Restatement: What is the significance of "troubled" in Matthew 2:3, and why wouldn't the city "rejoice", rather than be "troubled" at the birth of the Messiah?
Answer - The Context Indicates A Figure of Speech
- In all likelihood, "All Jerusalem" was probably a reference to the leadership in Israel, as Jerusalem was the seat of authority.
- Especially the text explicitly states that some people were actually hoping for the Messiah, (not troubled), (i.e. Simeon and Anna).
- The advent of the Messiah would not have gone over well with these leaders.
- From prophecy, it is clear that the "Messiah" was intended to be the Righteous, (Just), King of Israel--which bears with it a great amount of responsibility--but most relevantly: to bring judgment.
Scriptural Texts - The Portrayal of the "Messiah" is Troubling
Luke 2:34-25, NASB: And Simeon blessed them and said to Mary His mother, “Behold, this Child is appointed for the fall and rise of many in Israel, and for a sign to be opposed—and a sword will pierce even your own soul—to the end that thoughts from many hearts may be revealed.”
John 11:45, NASB: If we let Him go on like this, all men will believe in Him, and the Romans will come and take away both our place and our nation.”
Matt. 10:34, NASB: “Do not think that I came to bring peace on the earth; I did not come to bring peace, but a sword.
Matt. 2:17-18, NASB: Then what had been spoken through Jeremiah the prophet was fulfilled: 18 “A voice was heard in Ramah, Weeping and great mourning, Rachel weeping for her children; And she refused to be comforted,
Because they were no more.”
John 3:20, NASB: For everyone who does evil hates the Light, and does not come to the Light for fear that his deeds will be exposed.
- A Contest of Kings: It is important to note that Herod the Great was "Jewish", of the Herodian Dynasty, and the implications of the prophecies being fulfilled--in his time--were significant, especially if he had to contend with who was believed to become /the/ rightful king.
- Political Feuds & Temporary Unification: Ironically, despite the intense political feuds between the Pharisees, and the Sadducees, (which was hundreds of years old), and their mutual Opposition to Herod the Great -- Christian texts portray that they all united in order to preserve their authority. ,;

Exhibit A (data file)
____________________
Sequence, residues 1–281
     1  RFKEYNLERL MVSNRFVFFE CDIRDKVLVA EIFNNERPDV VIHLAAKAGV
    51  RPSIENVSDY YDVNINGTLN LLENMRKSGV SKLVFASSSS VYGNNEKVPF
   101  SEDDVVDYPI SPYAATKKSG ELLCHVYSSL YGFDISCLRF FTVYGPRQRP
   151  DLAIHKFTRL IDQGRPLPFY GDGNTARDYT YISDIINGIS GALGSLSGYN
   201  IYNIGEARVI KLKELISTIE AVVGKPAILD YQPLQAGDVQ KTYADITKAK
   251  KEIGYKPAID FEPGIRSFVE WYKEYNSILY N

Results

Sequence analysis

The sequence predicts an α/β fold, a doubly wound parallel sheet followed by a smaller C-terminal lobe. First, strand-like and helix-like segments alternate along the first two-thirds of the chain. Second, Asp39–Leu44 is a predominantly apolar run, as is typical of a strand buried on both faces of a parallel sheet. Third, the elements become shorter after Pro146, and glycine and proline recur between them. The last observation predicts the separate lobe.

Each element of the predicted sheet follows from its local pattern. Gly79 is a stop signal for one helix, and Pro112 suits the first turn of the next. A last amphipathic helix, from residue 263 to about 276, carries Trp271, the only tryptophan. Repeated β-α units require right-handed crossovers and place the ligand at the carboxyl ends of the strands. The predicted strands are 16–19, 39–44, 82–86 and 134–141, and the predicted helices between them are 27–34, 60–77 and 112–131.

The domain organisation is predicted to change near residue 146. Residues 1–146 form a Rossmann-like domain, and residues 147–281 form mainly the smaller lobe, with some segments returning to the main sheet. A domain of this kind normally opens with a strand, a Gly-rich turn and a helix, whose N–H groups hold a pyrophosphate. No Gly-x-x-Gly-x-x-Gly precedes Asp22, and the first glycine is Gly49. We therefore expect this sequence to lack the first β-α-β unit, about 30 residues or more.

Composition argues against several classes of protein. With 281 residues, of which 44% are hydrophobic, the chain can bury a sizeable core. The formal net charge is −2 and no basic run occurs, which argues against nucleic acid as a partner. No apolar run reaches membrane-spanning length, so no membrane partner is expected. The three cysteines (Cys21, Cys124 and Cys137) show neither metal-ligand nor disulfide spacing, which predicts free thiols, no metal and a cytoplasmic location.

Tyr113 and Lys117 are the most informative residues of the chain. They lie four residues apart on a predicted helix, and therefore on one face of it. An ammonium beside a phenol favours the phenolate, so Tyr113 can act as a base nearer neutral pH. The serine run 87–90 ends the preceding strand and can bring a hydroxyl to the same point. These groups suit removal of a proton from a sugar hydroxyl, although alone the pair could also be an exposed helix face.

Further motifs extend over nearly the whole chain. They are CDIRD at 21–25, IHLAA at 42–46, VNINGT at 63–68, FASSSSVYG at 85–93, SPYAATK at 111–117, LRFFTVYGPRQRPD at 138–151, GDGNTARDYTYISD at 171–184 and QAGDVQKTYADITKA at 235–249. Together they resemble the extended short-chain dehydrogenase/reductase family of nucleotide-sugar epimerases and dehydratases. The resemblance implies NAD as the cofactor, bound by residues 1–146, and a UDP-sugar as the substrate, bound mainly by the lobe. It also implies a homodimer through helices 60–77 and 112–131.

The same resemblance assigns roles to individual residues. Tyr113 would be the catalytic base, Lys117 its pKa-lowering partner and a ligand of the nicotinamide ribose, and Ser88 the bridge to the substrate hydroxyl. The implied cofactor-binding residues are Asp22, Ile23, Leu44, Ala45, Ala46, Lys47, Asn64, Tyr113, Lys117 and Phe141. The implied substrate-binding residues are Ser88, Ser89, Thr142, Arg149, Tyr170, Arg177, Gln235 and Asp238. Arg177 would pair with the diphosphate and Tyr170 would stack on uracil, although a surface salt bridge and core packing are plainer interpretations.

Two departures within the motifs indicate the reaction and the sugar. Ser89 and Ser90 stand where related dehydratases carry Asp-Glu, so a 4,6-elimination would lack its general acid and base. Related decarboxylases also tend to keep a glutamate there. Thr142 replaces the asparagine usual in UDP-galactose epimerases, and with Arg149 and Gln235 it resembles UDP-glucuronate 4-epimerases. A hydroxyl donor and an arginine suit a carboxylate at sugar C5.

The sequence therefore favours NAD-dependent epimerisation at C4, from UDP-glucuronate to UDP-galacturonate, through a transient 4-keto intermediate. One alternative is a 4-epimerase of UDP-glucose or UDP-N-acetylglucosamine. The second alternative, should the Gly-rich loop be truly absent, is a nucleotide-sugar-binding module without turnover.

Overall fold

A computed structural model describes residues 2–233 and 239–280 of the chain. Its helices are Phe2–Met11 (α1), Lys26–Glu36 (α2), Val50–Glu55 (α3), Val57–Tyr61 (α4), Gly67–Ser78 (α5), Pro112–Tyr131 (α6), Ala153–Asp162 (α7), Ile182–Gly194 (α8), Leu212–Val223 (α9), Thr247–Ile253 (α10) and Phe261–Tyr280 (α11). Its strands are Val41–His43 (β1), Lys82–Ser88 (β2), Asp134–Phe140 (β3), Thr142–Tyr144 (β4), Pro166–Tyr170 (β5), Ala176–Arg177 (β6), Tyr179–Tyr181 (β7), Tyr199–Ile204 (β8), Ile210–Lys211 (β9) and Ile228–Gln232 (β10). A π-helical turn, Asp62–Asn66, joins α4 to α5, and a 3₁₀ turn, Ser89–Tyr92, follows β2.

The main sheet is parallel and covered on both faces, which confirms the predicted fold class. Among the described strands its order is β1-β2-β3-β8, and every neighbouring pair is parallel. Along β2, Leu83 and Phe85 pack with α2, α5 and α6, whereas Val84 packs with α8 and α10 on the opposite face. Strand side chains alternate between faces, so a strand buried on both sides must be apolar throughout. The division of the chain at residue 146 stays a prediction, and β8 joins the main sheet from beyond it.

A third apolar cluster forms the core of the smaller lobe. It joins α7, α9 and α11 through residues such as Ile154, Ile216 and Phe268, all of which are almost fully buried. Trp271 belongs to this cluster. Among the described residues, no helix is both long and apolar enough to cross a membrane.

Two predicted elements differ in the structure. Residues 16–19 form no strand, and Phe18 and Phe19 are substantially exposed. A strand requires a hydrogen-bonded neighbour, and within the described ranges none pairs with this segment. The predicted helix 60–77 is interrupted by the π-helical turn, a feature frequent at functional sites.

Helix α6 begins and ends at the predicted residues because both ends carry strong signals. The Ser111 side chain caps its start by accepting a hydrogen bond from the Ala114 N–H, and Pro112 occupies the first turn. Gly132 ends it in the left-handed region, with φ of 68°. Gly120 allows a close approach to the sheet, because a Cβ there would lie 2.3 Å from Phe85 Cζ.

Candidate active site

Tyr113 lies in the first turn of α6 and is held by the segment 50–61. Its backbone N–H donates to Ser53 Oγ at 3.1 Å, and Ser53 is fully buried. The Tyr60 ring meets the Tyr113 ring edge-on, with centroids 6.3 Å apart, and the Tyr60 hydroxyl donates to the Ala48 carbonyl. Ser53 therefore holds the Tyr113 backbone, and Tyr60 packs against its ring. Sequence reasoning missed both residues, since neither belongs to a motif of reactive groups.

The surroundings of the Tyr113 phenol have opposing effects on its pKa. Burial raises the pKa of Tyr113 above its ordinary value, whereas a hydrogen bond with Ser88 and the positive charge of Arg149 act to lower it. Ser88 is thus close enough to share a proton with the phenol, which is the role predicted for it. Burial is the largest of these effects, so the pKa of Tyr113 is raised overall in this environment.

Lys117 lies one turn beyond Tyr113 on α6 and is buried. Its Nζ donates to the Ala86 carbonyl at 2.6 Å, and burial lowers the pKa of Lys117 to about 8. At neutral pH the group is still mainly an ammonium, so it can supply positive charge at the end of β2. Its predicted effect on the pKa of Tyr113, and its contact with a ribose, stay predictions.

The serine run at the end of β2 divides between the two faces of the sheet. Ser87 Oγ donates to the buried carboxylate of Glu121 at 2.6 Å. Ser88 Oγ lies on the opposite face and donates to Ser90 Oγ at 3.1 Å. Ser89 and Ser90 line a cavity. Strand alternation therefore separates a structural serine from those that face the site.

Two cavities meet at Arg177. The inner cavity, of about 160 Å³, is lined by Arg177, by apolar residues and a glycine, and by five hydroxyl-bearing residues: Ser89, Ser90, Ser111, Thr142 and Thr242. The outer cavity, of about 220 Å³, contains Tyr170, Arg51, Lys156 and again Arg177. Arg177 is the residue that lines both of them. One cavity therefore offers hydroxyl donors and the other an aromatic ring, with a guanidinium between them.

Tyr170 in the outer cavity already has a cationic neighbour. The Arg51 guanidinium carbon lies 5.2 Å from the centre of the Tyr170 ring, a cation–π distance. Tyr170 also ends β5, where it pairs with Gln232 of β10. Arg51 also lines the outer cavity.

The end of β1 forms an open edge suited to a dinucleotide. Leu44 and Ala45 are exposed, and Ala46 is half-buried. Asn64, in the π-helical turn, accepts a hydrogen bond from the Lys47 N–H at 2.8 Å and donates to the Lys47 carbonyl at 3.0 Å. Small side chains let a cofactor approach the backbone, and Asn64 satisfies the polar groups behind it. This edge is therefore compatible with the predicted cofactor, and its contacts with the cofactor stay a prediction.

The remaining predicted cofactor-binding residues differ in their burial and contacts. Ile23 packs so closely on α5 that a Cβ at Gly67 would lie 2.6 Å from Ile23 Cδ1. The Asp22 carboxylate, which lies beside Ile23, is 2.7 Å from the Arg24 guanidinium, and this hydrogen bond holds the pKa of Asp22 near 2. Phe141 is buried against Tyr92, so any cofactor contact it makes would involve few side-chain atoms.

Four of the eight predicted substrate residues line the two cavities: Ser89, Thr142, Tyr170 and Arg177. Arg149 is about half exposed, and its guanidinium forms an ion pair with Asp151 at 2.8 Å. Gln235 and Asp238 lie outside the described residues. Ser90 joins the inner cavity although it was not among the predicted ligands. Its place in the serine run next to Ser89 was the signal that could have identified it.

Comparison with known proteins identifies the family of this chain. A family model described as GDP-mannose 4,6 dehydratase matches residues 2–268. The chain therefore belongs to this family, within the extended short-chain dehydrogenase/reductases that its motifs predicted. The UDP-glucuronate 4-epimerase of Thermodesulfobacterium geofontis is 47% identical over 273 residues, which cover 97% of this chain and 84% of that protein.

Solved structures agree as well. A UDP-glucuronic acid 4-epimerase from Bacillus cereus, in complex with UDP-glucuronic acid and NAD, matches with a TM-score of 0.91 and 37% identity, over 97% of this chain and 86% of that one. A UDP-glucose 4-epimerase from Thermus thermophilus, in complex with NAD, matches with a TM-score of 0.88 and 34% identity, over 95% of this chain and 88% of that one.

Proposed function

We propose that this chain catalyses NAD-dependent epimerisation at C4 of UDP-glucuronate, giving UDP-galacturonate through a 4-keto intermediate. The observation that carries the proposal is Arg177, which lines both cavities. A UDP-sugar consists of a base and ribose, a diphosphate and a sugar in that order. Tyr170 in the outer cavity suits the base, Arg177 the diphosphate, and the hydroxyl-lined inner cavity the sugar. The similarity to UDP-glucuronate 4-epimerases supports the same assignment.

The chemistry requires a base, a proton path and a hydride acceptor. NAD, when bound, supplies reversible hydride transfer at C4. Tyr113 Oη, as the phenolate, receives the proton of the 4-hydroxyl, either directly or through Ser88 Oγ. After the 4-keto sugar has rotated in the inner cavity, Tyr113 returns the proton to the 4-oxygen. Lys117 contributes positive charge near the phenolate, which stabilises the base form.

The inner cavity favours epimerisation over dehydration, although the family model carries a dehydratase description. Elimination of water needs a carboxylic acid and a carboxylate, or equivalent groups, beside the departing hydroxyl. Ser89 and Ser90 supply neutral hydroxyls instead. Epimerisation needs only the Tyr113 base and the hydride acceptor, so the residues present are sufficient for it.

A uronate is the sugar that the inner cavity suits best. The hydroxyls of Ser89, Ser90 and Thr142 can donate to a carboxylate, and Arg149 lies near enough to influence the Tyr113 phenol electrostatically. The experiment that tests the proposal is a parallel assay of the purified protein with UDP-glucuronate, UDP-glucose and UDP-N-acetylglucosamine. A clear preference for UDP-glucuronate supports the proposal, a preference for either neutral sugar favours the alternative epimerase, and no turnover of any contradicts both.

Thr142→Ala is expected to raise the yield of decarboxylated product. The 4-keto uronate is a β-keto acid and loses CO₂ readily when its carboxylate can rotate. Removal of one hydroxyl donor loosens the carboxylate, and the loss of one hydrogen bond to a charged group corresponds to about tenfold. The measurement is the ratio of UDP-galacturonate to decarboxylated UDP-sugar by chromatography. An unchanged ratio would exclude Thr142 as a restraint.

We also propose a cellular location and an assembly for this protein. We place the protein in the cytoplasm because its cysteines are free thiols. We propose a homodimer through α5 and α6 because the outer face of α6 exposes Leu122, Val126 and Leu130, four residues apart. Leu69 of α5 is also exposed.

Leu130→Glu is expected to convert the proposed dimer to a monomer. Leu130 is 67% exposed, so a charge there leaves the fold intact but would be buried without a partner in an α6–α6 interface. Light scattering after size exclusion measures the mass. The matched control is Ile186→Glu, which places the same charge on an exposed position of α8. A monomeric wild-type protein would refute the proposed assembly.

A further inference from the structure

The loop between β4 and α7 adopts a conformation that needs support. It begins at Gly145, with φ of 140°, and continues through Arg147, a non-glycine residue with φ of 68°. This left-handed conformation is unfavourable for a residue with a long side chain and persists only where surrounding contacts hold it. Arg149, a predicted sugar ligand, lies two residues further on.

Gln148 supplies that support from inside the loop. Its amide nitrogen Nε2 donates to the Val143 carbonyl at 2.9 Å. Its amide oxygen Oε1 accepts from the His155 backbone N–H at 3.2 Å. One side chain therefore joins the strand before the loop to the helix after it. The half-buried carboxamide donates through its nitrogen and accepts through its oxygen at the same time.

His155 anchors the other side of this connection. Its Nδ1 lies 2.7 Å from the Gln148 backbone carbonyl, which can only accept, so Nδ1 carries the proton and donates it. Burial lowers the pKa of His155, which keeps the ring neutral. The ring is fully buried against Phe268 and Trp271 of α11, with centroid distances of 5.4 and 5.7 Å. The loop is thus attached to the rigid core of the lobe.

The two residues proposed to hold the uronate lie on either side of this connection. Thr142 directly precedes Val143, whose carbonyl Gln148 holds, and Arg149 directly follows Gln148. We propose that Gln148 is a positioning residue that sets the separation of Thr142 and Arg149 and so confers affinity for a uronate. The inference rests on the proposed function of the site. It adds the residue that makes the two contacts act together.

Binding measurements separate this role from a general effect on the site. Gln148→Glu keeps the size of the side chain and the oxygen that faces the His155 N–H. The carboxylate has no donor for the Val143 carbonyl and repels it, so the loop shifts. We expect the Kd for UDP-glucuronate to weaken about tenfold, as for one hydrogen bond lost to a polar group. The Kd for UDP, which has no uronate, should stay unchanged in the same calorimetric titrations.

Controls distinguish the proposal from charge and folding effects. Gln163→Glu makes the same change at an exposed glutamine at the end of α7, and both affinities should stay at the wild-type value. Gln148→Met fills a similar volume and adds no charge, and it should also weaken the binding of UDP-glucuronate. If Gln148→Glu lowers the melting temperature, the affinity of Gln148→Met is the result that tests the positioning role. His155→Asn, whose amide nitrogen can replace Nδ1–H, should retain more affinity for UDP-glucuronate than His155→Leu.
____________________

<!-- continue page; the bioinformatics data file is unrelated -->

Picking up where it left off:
"All" is used frequently in Scripture, even though some "limited group" is clearly indicated within the context.
This is usually a figure of speech--"All" is at least an "Exaggeration", if not "Hyperbole"--because it was not only improbable--but also impossible.
2 Kings 24:14, NASB:
Then he led away into exile all Jerusalem and all the captains and all the mighty men of valor, ten thousand captives, and all the craftsmen and the smiths. None remained except the poorest people of the land.
Acts 21:30-31, NASB:
Then all the city was provoked, [Certainly not the Romans, nor the Christian Jews], and the people rushed together, and taking hold of Paul they dragged him out of the temple, and immediately the doors were shut. 31 While they were seeking to kill him, a report came up to the commander of the Roman cohort that all Jerusalem was in confusion.
Acts 24:5, NASB: For we have found this man a real pest and a fellow who stirs up dissension among all the Jews throughout the world, and a ringleader of the sect of the Nazarenes.
The New Testament often uses general terms to distinguish specific groups of people, For example, "The Jews" is used to mean those of the Pharisees, (sometimes even distinct from the Sadducees), as opposed to the entire "Hebrew" populace/race.
Mark 7:3, NASB: For the Pharisees and all the Jews do not eat unless they carefully wash their hands, thus observing the traditions of the elders, [Not the Sadducees, who rejected the Claim of an "Oral Law"];
John 5:16, NASB: For this reason the Jews, [But not the Jewish followers of Jesus] were persecuting Jesus, because He was doing these things on the Sabbath.
Greek Translations - Certainly Denote "Troubling / Disturbing"
There is no question, at all, that "troubled," is an appropriate translation of this word in Greek, (ἐταράχθη).
Every place in the New Testament this term "troubled" is mentioned, the same sense is implied :
John 13:21, NASB: When Jesus had said this, He became troubled in spirit, and testified and said, "Truly, truly, I say to you, that one of you will betray Me."
Luke 1:12, NASB: Zacharias was troubled when he saw the angel, and fear gripped him.
Matt 14:26, KJV: And when the disciples saw him walking on the sea, they were troubled, saying, It is a spirit; and they cried out for fear.
Mark 6:50, KJV: For they all saw him, and were troubled. And immediately he talked with them, and saith unto them, Be of good cheer: it is I; be not afraid.